The All Blacks, as a collective, are some way off a top two team, but individually they still have enough genius to deliver knockout blows. Cue left winger Caleb Clarke, who in his first Test start was lethal as the All Blacks scored four tries to Australia’s one in an emphatic 27-7 win.
The All Blacks have not lost to Australia at Eden Park in Auckland since 1986 and haven’t lost at Eden Park since France won in the final minute in 1994. Sunday’s victory makes it 45 wins and two draws.
Australia couldn’t replicate the intensity or the physicality of the 16-all draw in Wellington a week ago and the All Blacks were decidedly more confrontational and physical.
Still, it needed the likes of Clarke and Beauden Barrett to break the Wallabies in a frantic five minute spell just after the break.
The All Blacks only led 10-7 after 40 minutes and the first half ended on the All Blacks tryline.
However the hosts finished off the Wallabies with back to back tries within 10 minutes of the restart.
Barrett was a constant menace in broken play and Clarke was industrious, energized and near unstoppable every time he got the ball.
He left the field in the 65th minute to a standing ovation. His attack run metres totaled 138 metres and he beat 16 defenders in the process. Only Barrett came close in run metres and defenders beaten.
Australia, competitive in the first half, never recovered from the All Blacks double try-whammy and as they lost confidence, the men in black grew in stature.
There is something in the Eden Park grass that agrees with the All Blacks and Clarke, playing just his second Test, is already a crowd favourite. Clarke’s father (Eroni) played 155 matches for Auckland and 10 Tests in the midfield for the All Blacks. He was a proud dad on Sunday.
The younger Clarke in an interview with Marc Hinton spoke of honouring the legacy of the No 11 jersey worn by the late Jonah Lomu.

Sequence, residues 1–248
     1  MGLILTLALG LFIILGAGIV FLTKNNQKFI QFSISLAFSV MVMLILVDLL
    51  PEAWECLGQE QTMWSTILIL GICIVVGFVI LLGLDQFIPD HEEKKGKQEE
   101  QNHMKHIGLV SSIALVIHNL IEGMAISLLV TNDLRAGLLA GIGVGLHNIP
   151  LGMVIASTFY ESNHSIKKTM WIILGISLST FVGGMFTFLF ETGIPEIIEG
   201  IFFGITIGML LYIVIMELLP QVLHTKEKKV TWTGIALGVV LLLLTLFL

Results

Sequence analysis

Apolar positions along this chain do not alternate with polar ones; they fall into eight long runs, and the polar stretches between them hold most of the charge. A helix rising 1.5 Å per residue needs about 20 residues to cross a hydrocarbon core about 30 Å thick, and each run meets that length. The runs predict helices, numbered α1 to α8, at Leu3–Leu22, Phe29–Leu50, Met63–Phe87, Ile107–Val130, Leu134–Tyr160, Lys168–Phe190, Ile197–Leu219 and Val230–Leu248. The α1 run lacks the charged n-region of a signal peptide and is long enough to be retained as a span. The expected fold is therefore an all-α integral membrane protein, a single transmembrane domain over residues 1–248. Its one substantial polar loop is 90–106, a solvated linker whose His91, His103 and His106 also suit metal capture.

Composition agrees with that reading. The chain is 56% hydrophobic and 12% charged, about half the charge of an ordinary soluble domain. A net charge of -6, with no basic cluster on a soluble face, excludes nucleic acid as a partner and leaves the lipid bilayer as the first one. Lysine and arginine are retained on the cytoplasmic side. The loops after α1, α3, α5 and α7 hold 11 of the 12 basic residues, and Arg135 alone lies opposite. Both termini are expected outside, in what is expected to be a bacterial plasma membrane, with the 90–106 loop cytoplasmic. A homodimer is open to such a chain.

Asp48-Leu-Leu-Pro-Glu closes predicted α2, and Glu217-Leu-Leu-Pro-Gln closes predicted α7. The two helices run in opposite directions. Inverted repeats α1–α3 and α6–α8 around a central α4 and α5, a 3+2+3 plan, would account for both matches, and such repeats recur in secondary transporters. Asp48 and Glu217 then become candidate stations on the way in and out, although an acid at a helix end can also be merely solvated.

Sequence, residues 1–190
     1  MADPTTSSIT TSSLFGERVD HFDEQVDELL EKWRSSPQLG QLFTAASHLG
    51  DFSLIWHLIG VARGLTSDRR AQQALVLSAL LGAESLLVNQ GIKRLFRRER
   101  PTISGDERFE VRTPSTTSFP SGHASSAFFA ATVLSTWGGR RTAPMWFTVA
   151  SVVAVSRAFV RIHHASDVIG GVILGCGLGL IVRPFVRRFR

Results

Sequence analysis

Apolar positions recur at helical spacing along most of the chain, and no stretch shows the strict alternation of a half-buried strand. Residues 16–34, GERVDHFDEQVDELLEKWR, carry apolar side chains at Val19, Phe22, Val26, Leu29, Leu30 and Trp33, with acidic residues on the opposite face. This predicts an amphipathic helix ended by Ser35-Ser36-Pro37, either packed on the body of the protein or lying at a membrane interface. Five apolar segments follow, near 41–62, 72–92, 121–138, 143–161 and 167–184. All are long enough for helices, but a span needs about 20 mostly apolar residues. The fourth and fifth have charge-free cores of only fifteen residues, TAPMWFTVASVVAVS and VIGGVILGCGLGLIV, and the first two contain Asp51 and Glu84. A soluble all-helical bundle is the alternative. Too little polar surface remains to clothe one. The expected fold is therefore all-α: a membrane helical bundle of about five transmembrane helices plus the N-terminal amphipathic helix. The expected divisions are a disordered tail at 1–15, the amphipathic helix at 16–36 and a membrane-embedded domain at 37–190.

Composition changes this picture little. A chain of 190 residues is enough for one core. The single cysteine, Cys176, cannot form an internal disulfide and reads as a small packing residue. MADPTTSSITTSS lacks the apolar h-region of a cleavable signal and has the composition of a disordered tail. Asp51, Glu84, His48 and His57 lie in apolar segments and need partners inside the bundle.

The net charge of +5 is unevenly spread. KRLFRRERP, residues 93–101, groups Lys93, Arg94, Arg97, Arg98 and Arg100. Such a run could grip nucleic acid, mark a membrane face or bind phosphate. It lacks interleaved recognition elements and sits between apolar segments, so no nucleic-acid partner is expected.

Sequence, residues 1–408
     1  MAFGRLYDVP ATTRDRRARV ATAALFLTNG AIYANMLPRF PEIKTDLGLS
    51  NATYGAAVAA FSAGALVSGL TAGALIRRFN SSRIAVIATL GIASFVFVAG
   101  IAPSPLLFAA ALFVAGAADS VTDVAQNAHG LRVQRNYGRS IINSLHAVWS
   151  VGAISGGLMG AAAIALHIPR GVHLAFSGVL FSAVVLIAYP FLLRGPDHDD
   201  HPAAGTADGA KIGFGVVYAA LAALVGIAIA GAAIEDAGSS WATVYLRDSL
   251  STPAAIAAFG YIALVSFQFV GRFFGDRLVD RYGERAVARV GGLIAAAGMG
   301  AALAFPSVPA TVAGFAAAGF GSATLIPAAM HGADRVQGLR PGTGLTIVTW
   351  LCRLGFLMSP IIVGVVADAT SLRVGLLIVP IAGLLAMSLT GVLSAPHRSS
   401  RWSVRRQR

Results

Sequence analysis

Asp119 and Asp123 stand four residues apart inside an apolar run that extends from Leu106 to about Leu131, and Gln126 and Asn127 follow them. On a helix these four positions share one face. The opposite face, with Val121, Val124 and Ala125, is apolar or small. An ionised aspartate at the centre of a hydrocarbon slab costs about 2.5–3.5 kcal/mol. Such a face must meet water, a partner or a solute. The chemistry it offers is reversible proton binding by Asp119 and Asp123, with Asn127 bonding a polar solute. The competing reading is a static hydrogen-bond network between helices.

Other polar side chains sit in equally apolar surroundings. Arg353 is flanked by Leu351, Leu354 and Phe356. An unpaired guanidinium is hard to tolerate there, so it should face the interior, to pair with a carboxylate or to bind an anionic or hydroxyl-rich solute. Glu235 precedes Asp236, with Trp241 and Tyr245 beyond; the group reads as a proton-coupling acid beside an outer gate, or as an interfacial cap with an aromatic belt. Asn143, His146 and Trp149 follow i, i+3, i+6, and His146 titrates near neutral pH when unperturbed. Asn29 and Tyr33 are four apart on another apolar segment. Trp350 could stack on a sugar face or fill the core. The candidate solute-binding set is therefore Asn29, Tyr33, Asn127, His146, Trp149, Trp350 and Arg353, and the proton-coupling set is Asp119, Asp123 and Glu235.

And he did just this with some dazzling runs and by breaking so many tackles.
Individuals like Clarke, Barrett and Aaron Smith will always trouble the opposition and Eden Park, on a sunny Sunday afternoon, provided the perfect setting for attacking rugby.
The All Blacks were under pressure to produce a worthy performance after the 16-all draw in Wellington and the response was a quality one.
The Wallabies weren’t as switched on and in the final 20 minutes they were fractured and frail, with the only surprise being that they didn’t concede a few more tries.
All Blacks – Tries: Aaron Smith, Jordie Barrett, Ardie Savea, Sam Cane. Conversions: Richie Mo’unga (2). Penalty: Mo’unga.
Wallabies – Try: Marika Koroibete. Conv: James O’Connor.
All Blacks – 15 Beauden Barrett, 14 Jordie Barrett, 13 Anton Lienert-Brown, 12 Jack Goodhue, 11 Caleb Clarke, 10 Richie Mo’unga, 9 Aaron Smith, 8 Ardie Savea, 7 Sam Cane (c), 6 Shannon Frizell, 5 Tupou Vaa’i, 4 Patrick Tuipulotu 3 Ofa Tu’ungafasi, 2 Dane Coles, 1 Joe Moody.
Subs: 16 Codie Taylor, 17 Alex Hodgman, Nepo Laulala, 19 Scott Barrett, 20 Hoskins Sotutu, 21 TJ Perenara, 22 Peter Umaga-Jensen, 23 Damian McKenzie.
Wallabies – 15 Tom Banks, 14 Filipo Daugunu, 13 Hunter Paisami, 12 Matt To’omua, 11 Marika Koroibete, 10 James O’Connor, 9 Nic White, 8 Harry Wilson, 7 Michael Hooper, 6 Ned Hanigan, 5 Matt Philip, 4 Lukhan Salakaia-Loto, 3 Taniela Tupou, 2 Brandon Paenga-Amosa, 1 James Slipper.
Subs: 16 Jordan Uelese, 17 Scott Sio, 18 Allan Alaalatoa, 19 Rob Simmons, 20 Liam Wright, 21 Jake Gordon, 22 Jordan Petaia, 23 Reece Hodge.